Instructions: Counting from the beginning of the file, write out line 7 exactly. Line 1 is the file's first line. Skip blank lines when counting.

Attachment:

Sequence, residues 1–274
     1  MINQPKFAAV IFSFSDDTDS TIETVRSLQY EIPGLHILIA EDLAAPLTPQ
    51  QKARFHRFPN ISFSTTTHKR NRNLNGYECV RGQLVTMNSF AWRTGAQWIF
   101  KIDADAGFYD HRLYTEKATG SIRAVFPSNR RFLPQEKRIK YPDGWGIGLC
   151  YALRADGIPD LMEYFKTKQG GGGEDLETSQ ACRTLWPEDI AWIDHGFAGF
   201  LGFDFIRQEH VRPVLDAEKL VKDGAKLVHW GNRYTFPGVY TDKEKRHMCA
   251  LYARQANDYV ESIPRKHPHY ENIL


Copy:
   251  LYARQANDYV ESIPRKHPHY ENIL